By John Hood
The latest estimates from the Bureau of Labor Statistics show about 251,000 North Carolinians unemployed as of April, down about 58,000 since the beginning of 2021.
Alas, the news about our labor market isn’t as good as you might think. Of those 58,000 fewer unemployed North Carolinians, some 31,000 actually found jobs. The remaining 27,000 stopped looking. Our state’s labor-force participation rate has steadily dropped over the first four months of the year.
Here’s another way to think about the trends. North Carolina’s “headline” unemployment rate is 5%. If those 27,000 were still counted in the labor force, jobless but actively looking for work, our unemployment rate would be 5.5%.
The unemployment data I’ve cited so far come from a monthly survey of a bit over a thousand households in North Carolina, with comparable samples sizes in other states. Another, broader set of data come from surveys of establishments — businesses, nonprofits, and governments — and is a more-reliable way to count jobs. Its findings are no more comforting: total employment is up about 24,000 jobs so far this year. In other words, either a big chunk or most of North Carolina’s apparent decline in unemployment is due to people dropping out of the labor force, not to people finding jobs.
There is nothing deceptive or improper going on here. This is the way changes in the labor market has been measured for decades. Politicians, journalists, and policy analysts should always interpret such changes carefully. Given the widely reported fact that many employers are struggling to fill open positions, the statistics suggest we need to do more to restore the incentive to work.
Gov. Roy Cooper just issued an executive order requiring all current or prospective recipients of unemployment-insurance payments to comply with job-search requirements. If they don’t, they’ll lose their UI benefits. This is simply a full return to the pre-COVID rules, and a welcome one. But it won’t solve the problem on its own. Most UI recipients were already subject to the job-search rule, anyway, thanks to a previous order Cooper issued in March.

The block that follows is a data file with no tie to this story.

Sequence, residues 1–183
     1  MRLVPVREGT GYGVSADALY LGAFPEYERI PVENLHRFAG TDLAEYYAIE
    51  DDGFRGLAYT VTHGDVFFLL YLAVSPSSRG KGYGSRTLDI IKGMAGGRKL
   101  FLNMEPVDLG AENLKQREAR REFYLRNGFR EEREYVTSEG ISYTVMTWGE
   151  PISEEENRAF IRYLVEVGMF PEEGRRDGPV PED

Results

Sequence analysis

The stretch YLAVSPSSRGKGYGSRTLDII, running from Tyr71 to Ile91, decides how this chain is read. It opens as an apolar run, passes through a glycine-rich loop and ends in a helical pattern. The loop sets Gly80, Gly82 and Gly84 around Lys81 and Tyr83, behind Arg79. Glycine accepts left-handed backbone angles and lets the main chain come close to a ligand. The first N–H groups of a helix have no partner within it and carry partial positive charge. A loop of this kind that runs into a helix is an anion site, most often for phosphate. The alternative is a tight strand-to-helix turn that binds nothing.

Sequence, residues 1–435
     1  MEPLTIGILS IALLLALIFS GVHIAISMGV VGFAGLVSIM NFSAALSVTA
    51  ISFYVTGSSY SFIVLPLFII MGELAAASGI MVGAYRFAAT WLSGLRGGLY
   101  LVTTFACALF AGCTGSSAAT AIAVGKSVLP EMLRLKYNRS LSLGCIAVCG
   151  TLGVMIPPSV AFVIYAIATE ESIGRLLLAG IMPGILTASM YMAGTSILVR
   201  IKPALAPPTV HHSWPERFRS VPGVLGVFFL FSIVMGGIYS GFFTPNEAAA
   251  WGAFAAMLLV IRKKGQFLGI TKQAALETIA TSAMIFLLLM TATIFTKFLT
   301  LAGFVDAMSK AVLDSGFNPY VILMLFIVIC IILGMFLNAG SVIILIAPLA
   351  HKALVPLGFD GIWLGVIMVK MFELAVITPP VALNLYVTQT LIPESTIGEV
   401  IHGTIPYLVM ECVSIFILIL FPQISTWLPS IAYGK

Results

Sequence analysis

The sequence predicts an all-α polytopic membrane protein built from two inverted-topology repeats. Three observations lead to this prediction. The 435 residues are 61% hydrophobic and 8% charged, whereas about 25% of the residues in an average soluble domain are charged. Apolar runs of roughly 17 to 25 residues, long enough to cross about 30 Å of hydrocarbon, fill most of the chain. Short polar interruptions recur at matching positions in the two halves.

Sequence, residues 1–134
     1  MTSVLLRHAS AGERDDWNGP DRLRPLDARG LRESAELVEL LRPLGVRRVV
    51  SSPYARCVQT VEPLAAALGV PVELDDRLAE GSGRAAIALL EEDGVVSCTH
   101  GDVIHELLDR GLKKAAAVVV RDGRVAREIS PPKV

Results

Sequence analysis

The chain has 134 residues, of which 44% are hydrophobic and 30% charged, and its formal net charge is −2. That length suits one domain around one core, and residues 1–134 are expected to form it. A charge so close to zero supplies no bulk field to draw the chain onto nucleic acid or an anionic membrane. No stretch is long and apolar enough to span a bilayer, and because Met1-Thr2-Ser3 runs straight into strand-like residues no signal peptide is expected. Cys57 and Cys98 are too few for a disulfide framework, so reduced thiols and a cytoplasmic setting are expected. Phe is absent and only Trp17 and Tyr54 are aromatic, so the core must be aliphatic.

Republican lawmakers in Raleigh have come up with a stronger policy response. It takes the form of an incentive to accept a job rather than a disincentive to pass one up. According to the proposed bill, unemployed North Carolinians would get a signing bonus of $1,500 for accepting a job by June 1, and $800 if they did so sometime later in June. The money would be paid out of federal relief funds North Carolina is already slated to receive.
I’ve been in favor of changing the UI incentive structure for decades now. In the standard model, workers who become unemployed through no fault of their own can only receive weekly checks. There’s generally no way to get a lump-sum payment.
Why might lump sums be better? While UI was originally intended in part as a job-search subsidy — so that displaced workers wouldn’t have to take the first job that came along, and could spend time finding a better match for their goals and skills — in practice many workers maximize their UI payments by staying on the sidelines longer than necessary.
A job-placement bonus, especially as an alternative to some foolish expenditure of federal funds, is a reasonable response. In past work, I’ve recommended other approaches. For example, perhaps the state could allow the unemployed to pass on several weeks of UI checks in exchange for a one-time payment they can use to relocate to another city or state where job prospects are better. Or the state could allow them to withdraw a lump sum (again, smaller than the maximum benefits they would otherwise receive) to start a small business.
Naturally, we can also help North Carolinians thrive by encouraging investment in job creation as well as enhancing education and training. Those interventions will take time to work, however. In the immediate aftermath of the COVID crisis, I think a signing bonus makes a lot of sense.
John Hood is a John Locke Foundation board member and author of the new novel Mountain Folk, a historical fantasy set during the American Revolution (MountainFolkBook.com).